As of January 1, California enacted TWO new laws that will have a trickling effect on business owners big and small, across the entire country.
I touched on the first one before the holidays - AB5, which is the law that changes how fitness and health + wellness professionals should be paid.
The second law is known as the California Consumer Privacy Act, and it seeks to protect consumers (like YOU) from companies using and selling your personal information online. (Think about the last time you were talking about ____, Alexa overheard you, and next thing you know Google ads are popping up nonstop about that exact topic).
Both of these topics are so crucial in how we run our businesses. Even if you don’t live in or do business in California, chances are your state is next to adopt these changes too (California is a cool trendsetter like that).
Today I’m breaking down both of these laws into simple, digestible explanations so you can really *get it* and you can ensure your business is protected.
And while we’re here, you can download my FREE Interactive Workbook: AB5 – Understanding + Navigating California’s New Laws for Classifying Workers. This interactive workbook teaches you everything you need to know about:
paying your workers
paying your taxes (gotta do it!)
Ready to get learning? Grab you coffee, a notepad and pen, and let’s do this!
AB5 AND CLASSIFYING WORKERS
What Does This New Law Say?
AB5 is the new law that states all workers are presumed to be employees, and businesses are limited in classifying workers as independent contractors.
In order for a worker to be properly classified as an independent contractor (and be paid all cash, without taxes withheld), the business must demonstrate via 3-part test, called the ‘ABC Test’, that the worker is not an employee.
Why Does It Matter?
In general workers are classified as either an employee or an independent contractor. The distinction is important because 1) employees are entitled to greater labor protections, and 2) business must pay payroll taxes for employees and not for independent contractors.
When businesses classify workers as Independent Contractors, they do not have to pay payroll taxes, rather the worker pays those taxes. (A further explanation of this, including great examples demonstrating with actual wages in shown on page 8 of the Workbook). This means the businesses pay less in wages and workers pay more.
This also means that workers aren’t entitled to employee benefits such as sick days, worker’s compensation insurance (in case they get injured on the job), rest breaks, and reimbursement for work-related expenses.
Knowing these 2 key facts that negatively impact independent contractors, the state of California enacted this law to state that almost every worker is an employee, thus ensuring them protections and benefits, and ensuring fair wages and taxes.
How Do You Prove Independent Contractor Status?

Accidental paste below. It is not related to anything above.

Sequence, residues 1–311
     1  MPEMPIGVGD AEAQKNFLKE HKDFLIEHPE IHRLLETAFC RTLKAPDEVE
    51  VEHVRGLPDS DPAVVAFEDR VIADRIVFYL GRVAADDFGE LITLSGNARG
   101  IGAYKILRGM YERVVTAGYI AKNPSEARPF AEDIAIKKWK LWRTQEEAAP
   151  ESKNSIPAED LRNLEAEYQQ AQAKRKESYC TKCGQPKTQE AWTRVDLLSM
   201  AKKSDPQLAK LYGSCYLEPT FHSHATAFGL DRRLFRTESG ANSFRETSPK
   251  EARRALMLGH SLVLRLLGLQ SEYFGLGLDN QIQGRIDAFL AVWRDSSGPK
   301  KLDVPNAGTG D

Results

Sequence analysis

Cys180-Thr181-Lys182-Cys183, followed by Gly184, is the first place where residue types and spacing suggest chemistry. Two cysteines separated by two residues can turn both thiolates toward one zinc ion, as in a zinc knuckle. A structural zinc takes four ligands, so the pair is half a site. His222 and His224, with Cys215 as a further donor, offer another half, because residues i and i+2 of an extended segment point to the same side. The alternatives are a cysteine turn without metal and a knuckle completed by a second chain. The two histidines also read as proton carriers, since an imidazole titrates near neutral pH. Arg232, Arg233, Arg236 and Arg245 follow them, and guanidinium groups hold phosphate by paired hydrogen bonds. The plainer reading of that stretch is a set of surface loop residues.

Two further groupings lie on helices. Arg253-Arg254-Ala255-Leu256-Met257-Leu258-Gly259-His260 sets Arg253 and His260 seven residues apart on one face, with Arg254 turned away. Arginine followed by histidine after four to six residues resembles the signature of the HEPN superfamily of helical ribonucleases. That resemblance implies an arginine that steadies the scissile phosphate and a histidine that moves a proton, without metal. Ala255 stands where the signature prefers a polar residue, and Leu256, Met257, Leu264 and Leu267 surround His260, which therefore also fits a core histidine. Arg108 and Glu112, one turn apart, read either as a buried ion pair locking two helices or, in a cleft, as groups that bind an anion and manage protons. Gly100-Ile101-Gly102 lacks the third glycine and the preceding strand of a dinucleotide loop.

Businesses are upset about being required to classify their workers as employees as it creates extra add and increases expenses. As such, California says that workers CAN be independent contractors if they can pass the ‘ABC Test’ by meeting all three of the below criteria.
A. The worker is free from control and direction by the business in performance of services, both in the scope of their work and how the work itself is done;
B. There worker is performing work outside the usual scope of business of the hiring company; and
C. The worker is customarily engaged in an independently established trade or occupation.
Most fitness and health + wellness professionals are failing part A and B. Instructors, trainers and coaches provide instruction to clients, which is the exact scope of the business as the hiring studio. Additionally, most professionals are teaching + training on a regular timeline, based on the studio’s brand, which demonstrates that they are in fact controlled by the business in the time and manner of their work.
See pages 12-13 of the Workbook for a further breakdown of each part, as well as a Workbook your business can adopt for hiring and tax purposes.
The Renter Exception
If a studio rents time, space and equipment to instructors, trainers or bodywork professionals, so that they may train or work with their own clients, the rules of AB5 do not apply because the worker is actually a RENTER of the business and not a worker of the business.
CALIFORNIA CONSUMER PRIVACY ACT
The CCPA is the largest data privacy law in the US (there is currently no federal laws re: data privacy!) and as California is a trendsetter in consumer-driven laws, it’s expected that numerous states will follow suit this year.
What is the CCPA?
The CCPA requires companies doing business in California to tell people what information they’re collecting about them, allow California residents to request that their personal information is not sold, and also request that their personal information is deleted.
“Doing Business” means that the company has either a physical presence (like a store) or an online presence with resident customers (such as an e-commerce website, social media platform, or any website used by a CA resident).
The CCPA gives California residents 5 basic rights with respect to their online privacy:
1. The right to know what personal information is collected about them. 2. The right to know whether their information is sold or disclosed, and to whom 3. The right to say NO to the sale of their personal information. 4. The right to access their personal information 5. The right to equal service and price, even if they exercise their privacy rights.
For a further breakdown of each of these 5 rights, SUBSCRIBE TO MY WEEKLY NEWSLETTER, and this Thursday be ready to get a complete CCPA Breakdown in Your Inbox.
What Does This Mean For Your Business?